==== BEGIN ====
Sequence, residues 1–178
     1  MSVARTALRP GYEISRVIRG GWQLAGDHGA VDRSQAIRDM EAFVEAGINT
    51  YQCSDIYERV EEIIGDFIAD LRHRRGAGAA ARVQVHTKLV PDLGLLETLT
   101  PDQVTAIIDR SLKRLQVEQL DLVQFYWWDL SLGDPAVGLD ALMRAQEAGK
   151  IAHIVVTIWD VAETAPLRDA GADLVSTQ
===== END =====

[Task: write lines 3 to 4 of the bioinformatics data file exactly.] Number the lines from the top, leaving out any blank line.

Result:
    51  YQCSDIYERV EEIIGDFIAD LRHRRGAGAA ARVQVHTKLV PDLGLLETLT
   101  PDQVTAIIDR SLKRLQVEQL DLVQFYWWDL SLGDPAVGLD ALMRAQEAGK